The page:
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What’s Hurting Your Ranking on Google Maps?

What’s Hurting Your Ranking on Google Maps?

Google is really working to clean up spam in the Maps listings

There was a major issue with Google Maps in the recent few years. Companies were setting up fake profiles at PO boxes and fake locations, say at their aunt’s house.

There were SEO companies creating lots of rogue listings for their carpet cleaning and local business clients – this is not something we ever did – but it was pretty prevalent in the industry.  And then there were what we call Lead Aggregators, who are people that just want to sell leads back to the carpet cleaning contractors, and they were claiming Google map listings created with lots of fake information.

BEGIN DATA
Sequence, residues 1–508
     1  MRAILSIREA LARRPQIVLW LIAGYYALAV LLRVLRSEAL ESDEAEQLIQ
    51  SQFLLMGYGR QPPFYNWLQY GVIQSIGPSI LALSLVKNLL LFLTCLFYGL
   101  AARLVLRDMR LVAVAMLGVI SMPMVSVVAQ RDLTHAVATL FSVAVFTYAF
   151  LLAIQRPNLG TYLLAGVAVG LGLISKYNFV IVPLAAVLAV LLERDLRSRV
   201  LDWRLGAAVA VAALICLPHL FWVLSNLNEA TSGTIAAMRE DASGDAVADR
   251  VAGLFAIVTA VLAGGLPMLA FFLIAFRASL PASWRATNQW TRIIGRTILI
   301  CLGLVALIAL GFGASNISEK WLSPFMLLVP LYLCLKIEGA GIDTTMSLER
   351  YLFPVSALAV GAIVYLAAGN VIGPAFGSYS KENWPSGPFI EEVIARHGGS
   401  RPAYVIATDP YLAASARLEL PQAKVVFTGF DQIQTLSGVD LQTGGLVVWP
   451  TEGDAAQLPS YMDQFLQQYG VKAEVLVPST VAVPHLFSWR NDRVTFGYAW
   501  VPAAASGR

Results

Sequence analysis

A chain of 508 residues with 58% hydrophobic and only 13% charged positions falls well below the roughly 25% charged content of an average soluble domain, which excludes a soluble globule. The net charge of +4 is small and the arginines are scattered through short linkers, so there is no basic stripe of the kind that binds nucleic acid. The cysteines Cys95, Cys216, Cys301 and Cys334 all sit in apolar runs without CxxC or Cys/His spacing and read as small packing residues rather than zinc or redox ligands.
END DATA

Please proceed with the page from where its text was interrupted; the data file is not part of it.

Google MapsGoogle has done a massive crackdown on that front, trying to eliminate fake addresses, trying to eliminate businesses that aren’t legit, trying to eliminate home offices and home-home entities from the Google map listings, and recently they’re saying they’ve reduced it by as much as 70%, which is good and bad.

It’s bad in that, if you don’t protect yourself and if you don’t make sure you’re doing everything on the up-and-up, you could get filtered out of the results, and so you need to be aware of the things that could actually be hurting you.  Maybe a past provider did something a bit grey or somebody in your local market did something in order to impact your results that could catch up to you.